By Dan Whitcomb
LOS ANGELES (Reuters) - Personal information about Los Angeles police commanders has been posted on the Internet, prompting an investigation into where it was obtained, an LAPD spokesman said on Wednesday.
The disclosure comes during a recent rise in attempts to hack into the department's website, Lieutenant Andrew Neiman said, but the recently posted details did not appear to have been gleaned from LAPD computers.
"We're looking into what sources they have retrieved it from. It doesn't look like they accessed any department databases," he said, adding that he was unaware of any successful recent hacking of LAPD computers.
Investigators were trying to determine who made the posting, Neiman said, adding that at least some of the information was likely taken from public sources.
"If it's public record it's pretty tough for you to enforce, but it's a concern for members of law enforcement having their personal information out there," he said.
Neiman declined to identify the website. A web page similar to the one described by police had been deleted as of Wednesday afternoon.
A second posting on Monday, possibly by the same person or group, listed the names and email addresses of dozens of high-ranking Los Angeles police officers.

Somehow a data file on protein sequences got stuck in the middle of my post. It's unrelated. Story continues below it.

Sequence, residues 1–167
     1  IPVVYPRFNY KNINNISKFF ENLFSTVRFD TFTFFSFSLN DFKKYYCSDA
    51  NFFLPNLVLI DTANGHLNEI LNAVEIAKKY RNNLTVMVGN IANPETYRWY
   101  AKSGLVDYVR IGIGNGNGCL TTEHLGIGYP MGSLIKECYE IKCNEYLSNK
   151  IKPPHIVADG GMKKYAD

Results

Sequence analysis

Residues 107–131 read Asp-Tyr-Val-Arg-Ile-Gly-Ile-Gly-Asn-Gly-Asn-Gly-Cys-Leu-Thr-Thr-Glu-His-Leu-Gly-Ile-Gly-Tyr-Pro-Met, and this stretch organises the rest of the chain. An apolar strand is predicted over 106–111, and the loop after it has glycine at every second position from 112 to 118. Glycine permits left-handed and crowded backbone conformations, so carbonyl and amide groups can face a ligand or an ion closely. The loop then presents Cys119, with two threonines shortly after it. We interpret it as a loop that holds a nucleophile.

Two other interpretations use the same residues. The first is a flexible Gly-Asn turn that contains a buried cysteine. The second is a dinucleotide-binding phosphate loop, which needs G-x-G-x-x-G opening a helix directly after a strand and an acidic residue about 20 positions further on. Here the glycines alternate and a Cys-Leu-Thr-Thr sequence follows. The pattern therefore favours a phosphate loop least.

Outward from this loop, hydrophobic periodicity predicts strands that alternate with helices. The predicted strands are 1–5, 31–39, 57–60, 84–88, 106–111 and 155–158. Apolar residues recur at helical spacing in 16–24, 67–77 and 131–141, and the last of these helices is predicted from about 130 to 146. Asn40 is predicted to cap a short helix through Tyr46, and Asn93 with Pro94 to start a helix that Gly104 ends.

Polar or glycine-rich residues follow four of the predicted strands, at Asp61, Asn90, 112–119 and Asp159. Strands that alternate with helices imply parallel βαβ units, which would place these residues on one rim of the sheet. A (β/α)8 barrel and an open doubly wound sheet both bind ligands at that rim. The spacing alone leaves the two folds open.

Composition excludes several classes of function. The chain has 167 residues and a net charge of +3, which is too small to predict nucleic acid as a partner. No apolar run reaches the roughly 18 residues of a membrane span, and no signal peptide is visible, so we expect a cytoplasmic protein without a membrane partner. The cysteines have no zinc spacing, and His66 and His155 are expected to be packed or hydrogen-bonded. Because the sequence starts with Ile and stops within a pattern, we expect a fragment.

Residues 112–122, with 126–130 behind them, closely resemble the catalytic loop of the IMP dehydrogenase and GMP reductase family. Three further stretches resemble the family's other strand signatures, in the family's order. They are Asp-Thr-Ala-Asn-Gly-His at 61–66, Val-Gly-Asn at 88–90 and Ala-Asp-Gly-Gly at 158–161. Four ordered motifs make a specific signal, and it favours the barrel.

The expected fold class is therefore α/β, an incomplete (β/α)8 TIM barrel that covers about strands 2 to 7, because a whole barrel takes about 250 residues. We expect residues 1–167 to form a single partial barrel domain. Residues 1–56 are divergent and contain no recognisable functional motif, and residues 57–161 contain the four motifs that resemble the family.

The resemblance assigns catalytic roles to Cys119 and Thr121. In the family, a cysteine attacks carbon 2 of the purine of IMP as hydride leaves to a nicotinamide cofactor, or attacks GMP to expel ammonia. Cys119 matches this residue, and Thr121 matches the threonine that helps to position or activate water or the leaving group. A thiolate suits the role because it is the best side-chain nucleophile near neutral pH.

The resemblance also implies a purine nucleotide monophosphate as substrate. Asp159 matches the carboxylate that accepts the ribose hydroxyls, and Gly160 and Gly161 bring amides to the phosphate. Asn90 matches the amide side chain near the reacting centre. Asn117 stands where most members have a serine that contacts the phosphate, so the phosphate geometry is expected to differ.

Hackers have in the past made public the personal information of authorities, including a University of California, Davis campus police officer who was suspended last month after pepper-spraying student protesters.
Neiman said police officers in the past had also unwittingly revealed personal information on social networking sites.
"We try to provide some education to our officers all the time," he said. "We remind our officers to do their best to protect their identities and the identities of their family members."
Neiman said an officer who runs the department's website had noticed a slight increase in attempts to hack into it but none of them had been successful.
(Additional reporting by Mary Slosson; Editing by David Bailey)